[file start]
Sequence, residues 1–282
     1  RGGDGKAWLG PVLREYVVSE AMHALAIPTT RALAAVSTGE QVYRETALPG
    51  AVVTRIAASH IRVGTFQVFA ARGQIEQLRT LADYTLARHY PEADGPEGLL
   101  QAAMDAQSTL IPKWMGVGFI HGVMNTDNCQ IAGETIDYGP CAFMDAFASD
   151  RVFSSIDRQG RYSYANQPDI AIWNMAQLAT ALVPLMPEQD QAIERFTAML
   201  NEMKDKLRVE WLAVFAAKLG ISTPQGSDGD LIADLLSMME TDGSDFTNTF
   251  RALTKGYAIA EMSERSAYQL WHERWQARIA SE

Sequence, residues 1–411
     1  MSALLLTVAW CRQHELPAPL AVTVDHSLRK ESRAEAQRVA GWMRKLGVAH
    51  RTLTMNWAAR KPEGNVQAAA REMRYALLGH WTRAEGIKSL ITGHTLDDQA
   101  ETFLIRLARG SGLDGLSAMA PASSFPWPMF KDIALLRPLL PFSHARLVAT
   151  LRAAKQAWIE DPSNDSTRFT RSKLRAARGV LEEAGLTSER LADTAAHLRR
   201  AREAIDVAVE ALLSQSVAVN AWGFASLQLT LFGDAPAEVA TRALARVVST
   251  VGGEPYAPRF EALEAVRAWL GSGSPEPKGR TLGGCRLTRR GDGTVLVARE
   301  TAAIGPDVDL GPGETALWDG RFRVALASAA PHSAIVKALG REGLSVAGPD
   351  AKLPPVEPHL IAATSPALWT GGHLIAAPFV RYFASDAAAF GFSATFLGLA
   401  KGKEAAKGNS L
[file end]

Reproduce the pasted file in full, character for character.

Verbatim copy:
Sequence, residues 1–282
     1  RGGDGKAWLG PVLREYVVSE AMHALAIPTT RALAAVSTGE QVYRETALPG
    51  AVVTRIAASH IRVGTFQVFA ARGQIEQLRT LADYTLARHY PEADGPEGLL
   101  QAAMDAQSTL IPKWMGVGFI HGVMNTDNCQ IAGETIDYGP CAFMDAFASD
   151  RVFSSIDRQG RYSYANQPDI AIWNMAQLAT ALVPLMPEQD QAIERFTAML
   201  NEMKDKLRVE WLAVFAAKLG ISTPQGSDGD LIADLLSMME TDGSDFTNTF
   251  RALTKGYAIA EMSERSAYQL WHERWQARIA SE

Sequence, residues 1–411
     1  MSALLLTVAW CRQHELPAPL AVTVDHSLRK ESRAEAQRVA GWMRKLGVAH
    51  RTLTMNWAAR KPEGNVQAAA REMRYALLGH WTRAEGIKSL ITGHTLDDQA
   101  ETFLIRLARG SGLDGLSAMA PASSFPWPMF KDIALLRPLL PFSHARLVAT
   151  LRAAKQAWIE DPSNDSTRFT RSKLRAARGV LEEAGLTSER LADTAAHLRR
   201  AREAIDVAVE ALLSQSVAVN AWGFASLQLT LFGDAPAEVA TRALARVVST
   251  VGGEPYAPRF EALEAVRAWL GSGSPEPKGR TLGGCRLTRR GDGTVLVARE
   301  TAAIGPDVDL GPGETALWDG RFRVALASAA PHSAIVKALG REGLSVAGPD
   351  AKLPPVEPHL IAATSPALWT GGHLIAAPFV RYFASDAAAF GFSATFLGLA
   401  KGKEAAKGNS L